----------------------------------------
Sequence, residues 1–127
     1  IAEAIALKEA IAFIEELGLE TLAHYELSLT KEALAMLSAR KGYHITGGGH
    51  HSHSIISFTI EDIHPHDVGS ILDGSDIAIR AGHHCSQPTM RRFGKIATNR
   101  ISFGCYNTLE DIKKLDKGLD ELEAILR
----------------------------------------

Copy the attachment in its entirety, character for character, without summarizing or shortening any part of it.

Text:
Sequence, residues 1–127
     1  IAEAIALKEA IAFIEELGLE TLAHYELSLT KEALAMLSAR KGYHITGGGH
    51  HSHSIISFTI EDIHPHDVGS ILDGSDIAIR AGHHCSQPTM RRFGKIATNR
   101  ISFGCYNTLE DIKKLDKGLD ELEAILR